Rated PG-13
132 Minutes
Released September 23

The Magnificent Seven is a war movie. The war is about greed. This theme strikes home in our current sociological and political climate even though this story is set in the period following the end of the Civil War. The collateral damage caused by that war was an undercurrent of our nation’s story long after it had officially ended. Its ravages pervade the environment of this tale and the psychological circumstances of its players.

The details in the film are extraordinary. In one of the opening scenes, after the time period is established as 1879, we see one of the townspeople wearing part of a union soldier’s uniform. Two members of the “seven” recount their experiences in the Civil War. In fact, this excellent film should not be titled The Magnificent Seven. It is not a remake of 1960 film of that name, but rather carries the legacy of a classic of film literature, Seven Samurai – a watershed film shot in 1954 by the great director/writer/editor Akira Kurosawa. The current movie credits the writers of that film for their original screenplay. I watched the 1960 version of The Magnificent Seven in my Film History class at UCLA – loved it – full of action, memorable characters and a sense of humor about predicaments that humans create. The common thread between the current version, the 1960 version and Seven Samurai, is the seven protagonists – diverse and colorful renegades who reluctantly come together as a team with a mission of lifting oppressed villagers from the hands of tyrants. Each film encompasses extraordinary performances by the actors and great work by the directors.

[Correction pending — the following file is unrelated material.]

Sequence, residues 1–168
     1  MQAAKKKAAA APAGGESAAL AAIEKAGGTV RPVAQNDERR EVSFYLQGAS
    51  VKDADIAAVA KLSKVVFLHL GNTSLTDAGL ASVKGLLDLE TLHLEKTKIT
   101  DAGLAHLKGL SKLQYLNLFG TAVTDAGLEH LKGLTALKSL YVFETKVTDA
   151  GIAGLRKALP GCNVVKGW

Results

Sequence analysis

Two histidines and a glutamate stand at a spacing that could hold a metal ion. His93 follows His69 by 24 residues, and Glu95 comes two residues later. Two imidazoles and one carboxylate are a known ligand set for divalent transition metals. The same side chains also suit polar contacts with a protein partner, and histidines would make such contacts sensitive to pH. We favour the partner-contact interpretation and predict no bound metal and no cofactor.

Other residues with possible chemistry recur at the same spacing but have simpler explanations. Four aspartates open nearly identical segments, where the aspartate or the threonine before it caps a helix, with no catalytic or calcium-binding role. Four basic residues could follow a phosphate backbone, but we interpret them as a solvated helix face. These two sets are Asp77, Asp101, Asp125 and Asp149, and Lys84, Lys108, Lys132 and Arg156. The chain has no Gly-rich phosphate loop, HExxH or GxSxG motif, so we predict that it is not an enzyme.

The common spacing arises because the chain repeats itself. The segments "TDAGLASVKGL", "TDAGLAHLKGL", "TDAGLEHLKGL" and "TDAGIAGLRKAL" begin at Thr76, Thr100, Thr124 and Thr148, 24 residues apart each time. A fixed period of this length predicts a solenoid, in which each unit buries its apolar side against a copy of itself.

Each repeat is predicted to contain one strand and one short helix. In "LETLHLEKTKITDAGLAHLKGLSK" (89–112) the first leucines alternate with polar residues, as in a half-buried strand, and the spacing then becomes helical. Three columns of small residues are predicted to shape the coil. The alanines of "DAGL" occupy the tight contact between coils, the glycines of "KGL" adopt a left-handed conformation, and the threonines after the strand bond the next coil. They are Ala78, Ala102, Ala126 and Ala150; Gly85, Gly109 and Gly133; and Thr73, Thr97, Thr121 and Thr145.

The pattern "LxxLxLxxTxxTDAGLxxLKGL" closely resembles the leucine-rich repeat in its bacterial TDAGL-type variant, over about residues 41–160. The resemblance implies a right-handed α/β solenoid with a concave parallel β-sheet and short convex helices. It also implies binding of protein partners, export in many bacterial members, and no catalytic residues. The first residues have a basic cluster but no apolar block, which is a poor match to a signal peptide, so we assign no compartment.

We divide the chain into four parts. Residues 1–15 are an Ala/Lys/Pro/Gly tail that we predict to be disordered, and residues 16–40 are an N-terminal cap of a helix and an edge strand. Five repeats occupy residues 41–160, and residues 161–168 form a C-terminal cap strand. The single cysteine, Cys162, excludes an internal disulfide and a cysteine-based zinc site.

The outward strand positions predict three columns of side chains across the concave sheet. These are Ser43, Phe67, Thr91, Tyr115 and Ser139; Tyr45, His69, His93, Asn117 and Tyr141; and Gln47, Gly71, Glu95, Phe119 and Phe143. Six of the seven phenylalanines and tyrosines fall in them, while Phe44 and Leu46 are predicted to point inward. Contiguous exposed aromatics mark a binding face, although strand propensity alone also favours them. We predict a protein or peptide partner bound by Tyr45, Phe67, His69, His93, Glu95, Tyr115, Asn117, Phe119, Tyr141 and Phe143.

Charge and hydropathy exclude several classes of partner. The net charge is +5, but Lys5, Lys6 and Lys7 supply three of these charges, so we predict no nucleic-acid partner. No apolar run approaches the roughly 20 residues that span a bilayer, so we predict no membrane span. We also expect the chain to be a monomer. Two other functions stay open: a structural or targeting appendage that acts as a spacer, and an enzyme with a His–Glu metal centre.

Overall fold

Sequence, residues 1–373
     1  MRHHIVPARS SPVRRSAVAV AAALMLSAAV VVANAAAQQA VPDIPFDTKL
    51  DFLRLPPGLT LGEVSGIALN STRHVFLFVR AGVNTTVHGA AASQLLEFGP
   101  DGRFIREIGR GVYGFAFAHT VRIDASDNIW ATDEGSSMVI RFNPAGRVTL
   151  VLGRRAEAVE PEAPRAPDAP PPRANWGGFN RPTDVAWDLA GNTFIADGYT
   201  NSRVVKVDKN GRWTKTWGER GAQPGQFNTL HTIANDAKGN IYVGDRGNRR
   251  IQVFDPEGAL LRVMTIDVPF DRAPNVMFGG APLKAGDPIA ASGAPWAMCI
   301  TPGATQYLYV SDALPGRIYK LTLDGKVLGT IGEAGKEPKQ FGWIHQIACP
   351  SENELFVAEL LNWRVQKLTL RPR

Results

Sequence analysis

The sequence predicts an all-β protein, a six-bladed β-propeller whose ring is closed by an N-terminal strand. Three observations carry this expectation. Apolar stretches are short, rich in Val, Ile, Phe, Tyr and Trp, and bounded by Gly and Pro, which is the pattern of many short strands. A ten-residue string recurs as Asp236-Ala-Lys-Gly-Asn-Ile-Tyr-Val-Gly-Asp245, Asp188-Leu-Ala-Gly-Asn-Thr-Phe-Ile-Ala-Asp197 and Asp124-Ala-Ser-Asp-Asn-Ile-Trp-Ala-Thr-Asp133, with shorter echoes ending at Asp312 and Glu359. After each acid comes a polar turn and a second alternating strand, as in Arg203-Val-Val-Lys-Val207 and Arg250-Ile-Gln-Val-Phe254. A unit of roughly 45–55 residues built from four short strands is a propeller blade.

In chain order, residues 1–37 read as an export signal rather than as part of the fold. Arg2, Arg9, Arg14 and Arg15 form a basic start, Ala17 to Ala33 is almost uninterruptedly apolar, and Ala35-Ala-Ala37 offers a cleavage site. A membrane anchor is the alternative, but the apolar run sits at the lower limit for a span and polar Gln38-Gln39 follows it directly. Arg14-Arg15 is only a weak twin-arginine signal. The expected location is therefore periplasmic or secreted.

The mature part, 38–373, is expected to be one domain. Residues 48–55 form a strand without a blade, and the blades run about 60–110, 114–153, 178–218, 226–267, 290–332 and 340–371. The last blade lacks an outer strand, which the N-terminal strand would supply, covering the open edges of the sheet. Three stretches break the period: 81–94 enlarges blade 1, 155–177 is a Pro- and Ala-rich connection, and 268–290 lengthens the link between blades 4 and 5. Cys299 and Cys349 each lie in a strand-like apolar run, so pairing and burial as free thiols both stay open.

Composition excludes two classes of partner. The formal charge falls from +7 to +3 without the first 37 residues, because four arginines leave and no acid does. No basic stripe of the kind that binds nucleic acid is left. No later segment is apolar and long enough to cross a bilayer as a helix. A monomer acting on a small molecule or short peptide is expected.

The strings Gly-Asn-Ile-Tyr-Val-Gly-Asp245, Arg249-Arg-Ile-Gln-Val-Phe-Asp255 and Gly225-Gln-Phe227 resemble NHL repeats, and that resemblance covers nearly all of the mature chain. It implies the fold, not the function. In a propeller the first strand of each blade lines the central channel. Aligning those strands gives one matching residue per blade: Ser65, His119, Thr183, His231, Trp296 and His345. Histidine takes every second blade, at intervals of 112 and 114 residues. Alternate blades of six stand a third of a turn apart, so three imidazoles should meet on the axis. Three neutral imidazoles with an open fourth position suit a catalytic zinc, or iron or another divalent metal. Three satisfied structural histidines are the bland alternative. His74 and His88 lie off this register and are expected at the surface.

Probably director Antoine Fuqua’s experience directing music videos established his instinct to perceive a film as a whole. He finds a balance in developing seven complex personalities, revealing the essence of the geographical and historical environment, and mounting a story that moves with a precise rhythm. There is no “down time” in this movie. The sound track is beautifully done, reprising the theme from the 1960 film at the end. The landscape is an important visual piece of the story set in he Gold Rush region east of Sacramento. As an aside, Amador City, mentioned on screen (although the film was not shot there) is a wonderful location where you can study the fascinating late 1800’s historical period in California without feeling that you are in a tourist trap.

Denzel Washington shows strength and depth as “Sam Chisholm”. Chris Pratt proves to be one of the finest actors in the business with his sensitive, humorous and self-effacing portrayal of “Josh Faraday”. Ethan Hawke, Vincent D’Onofrio and Peter Sarsgarrd create richly intricate characters. Mexican actor Manuel Garcia-Rulfo shines. Martin Sensmeier, who was raised in a Tlingit Coastal Community in Alaska and worked for years on an oilrig to pay for his acting classes, is excellent as “Red Harvest”. Haley Bennet, relatively new to the big screen, develops a strong character in “Emma Cullen” – thanks to the writers, she is much more evolved than the ubiquitous “damsel in distress”.

I strongly recommend this film as one of the best of this year. You will come away with an understanding of a dramatically transformative time in the US and restored faith in humanity.

 

Kathryn Whitney Boole has spent most of her life in the entertainment industry, which is the backdrop for remarkable adventures with extraordinary people. She is a Talent Manager with Studio Talent Group in Santa Monica. kboole@gmail.com. For previously published reviews see https://kwboole.wordpress.com/

 

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